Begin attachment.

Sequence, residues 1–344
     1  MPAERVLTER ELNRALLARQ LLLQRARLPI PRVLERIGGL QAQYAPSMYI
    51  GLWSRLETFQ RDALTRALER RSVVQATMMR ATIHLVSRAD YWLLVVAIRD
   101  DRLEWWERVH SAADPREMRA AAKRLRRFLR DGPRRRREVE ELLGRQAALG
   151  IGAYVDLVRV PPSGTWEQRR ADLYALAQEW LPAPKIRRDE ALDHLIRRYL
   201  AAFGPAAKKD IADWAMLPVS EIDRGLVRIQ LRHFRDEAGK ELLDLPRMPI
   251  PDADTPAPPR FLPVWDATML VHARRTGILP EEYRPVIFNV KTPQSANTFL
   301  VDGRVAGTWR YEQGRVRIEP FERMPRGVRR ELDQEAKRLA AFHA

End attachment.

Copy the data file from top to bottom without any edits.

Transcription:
Sequence, residues 1–344
     1  MPAERVLTER ELNRALLARQ LLLQRARLPI PRVLERIGGL QAQYAPSMYI
    51  GLWSRLETFQ RDALTRALER RSVVQATMMR ATIHLVSRAD YWLLVVAIRD
   101  DRLEWWERVH SAADPREMRA AAKRLRRFLR DGPRRRREVE ELLGRQAALG
   151  IGAYVDLVRV PPSGTWEQRR ADLYALAQEW LPAPKIRRDE ALDHLIRRYL
   201  AAFGPAAKKD IADWAMLPVS EIDRGLVRIQ LRHFRDEAGK ELLDLPRMPI
   251  PDADTPAPPR FLPVWDATML VHARRTGILP EEYRPVIFNV KTPQSANTFL
   301  VDGRVAGTWR YEQGRVRIEP FERMPRGVRR ELDQEAKRLA AFHA